One of the many reasons TPT (Twin Cities Public Television) feels so strongly about its support for InCommons is the deep compatibility the initiative has with TPT's statewide Minnesota Channel (TPT-MN).
The Minnesota Channel explores the important work of some of Minnesota’s strongest non-profit and social service organizations. Similarly, InCommons works to directly connect those same organizations and key leaders to likeminded entities. So, for example, if TPT-MN profiles three Saint Paul high school students struggling to prepare for college with the help of a local agency, InCommons can connect the students and key agency leaders with other students and agencies to share their successes – as well as failures.
And those failures are key. It is often said that we learn more from them than we do from our celebrated successes. Failures are the often inevitable and invaluable results of the most productive trial and error processes. In our recovery from these failures lie the seeds of the most valuable life lessons any of us may ever learn.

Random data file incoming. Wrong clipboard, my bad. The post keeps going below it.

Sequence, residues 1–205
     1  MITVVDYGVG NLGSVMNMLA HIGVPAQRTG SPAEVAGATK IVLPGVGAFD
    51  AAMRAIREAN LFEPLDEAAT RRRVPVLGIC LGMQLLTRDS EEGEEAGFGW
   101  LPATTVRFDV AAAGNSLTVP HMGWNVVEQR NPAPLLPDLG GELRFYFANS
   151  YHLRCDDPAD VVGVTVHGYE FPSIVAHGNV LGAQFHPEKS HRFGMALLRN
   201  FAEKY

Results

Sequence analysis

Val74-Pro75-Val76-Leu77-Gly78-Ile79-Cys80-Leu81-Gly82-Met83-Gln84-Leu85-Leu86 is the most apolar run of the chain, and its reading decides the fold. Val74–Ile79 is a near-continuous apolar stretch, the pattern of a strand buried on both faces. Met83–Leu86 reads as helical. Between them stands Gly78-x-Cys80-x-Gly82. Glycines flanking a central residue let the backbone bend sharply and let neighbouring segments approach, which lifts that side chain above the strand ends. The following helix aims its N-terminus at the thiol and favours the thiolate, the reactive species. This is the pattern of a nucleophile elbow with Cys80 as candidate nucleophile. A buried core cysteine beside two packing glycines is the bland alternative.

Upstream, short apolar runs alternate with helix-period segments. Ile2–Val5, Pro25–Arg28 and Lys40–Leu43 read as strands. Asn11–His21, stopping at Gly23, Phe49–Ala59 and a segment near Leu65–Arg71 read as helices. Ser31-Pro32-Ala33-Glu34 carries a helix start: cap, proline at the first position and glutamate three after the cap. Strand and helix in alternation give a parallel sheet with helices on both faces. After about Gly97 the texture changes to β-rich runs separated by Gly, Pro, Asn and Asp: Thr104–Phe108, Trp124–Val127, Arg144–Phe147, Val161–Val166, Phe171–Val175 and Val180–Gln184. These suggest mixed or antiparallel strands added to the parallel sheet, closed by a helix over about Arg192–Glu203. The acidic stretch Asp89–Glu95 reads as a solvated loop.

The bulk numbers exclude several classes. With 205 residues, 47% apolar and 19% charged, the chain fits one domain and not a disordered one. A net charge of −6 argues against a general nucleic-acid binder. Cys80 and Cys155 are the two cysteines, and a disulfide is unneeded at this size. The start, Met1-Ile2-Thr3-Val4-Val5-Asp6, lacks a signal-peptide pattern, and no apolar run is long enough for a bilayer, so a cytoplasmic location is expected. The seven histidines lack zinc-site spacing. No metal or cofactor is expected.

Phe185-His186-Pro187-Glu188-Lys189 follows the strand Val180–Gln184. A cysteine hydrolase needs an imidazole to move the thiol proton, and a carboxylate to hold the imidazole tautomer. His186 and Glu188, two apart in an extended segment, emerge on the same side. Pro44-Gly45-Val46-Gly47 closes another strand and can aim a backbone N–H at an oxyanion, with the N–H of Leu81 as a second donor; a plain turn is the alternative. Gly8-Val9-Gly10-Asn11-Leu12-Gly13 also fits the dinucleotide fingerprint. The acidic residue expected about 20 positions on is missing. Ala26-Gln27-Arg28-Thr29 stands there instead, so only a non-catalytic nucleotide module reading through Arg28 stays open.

This is a cross post from the Center for Integrative Leadership’s Time to Lead blog. Leah Lundquist is a Graduate Assistant at the Center for Integrative Leadership where she is inspiring the University of Minnesota’s involvement in InCommons.
I always love the notion that Minnesota is a beacon for the rest of the nation in quality of life. I get a sense of affirmation for moving here and slogging it through the winters every time I read a new article that ranks the Twin Cities or Minnesota overall as one of the fittest, smartest, bike-friendliest, healthiest regions in the nation.
But, when it comes to reading about other states that are pioneering the collaborative movement, I’m not jealous. Rather, I feel inspired and motivated.
Last month, David Bornstein wrote two articles in the New York Times’ online “Fixes” section on collaborative public-private initiatives in cities and states nationwide that address large scale social problems “simply too complex to solve with any single approach.”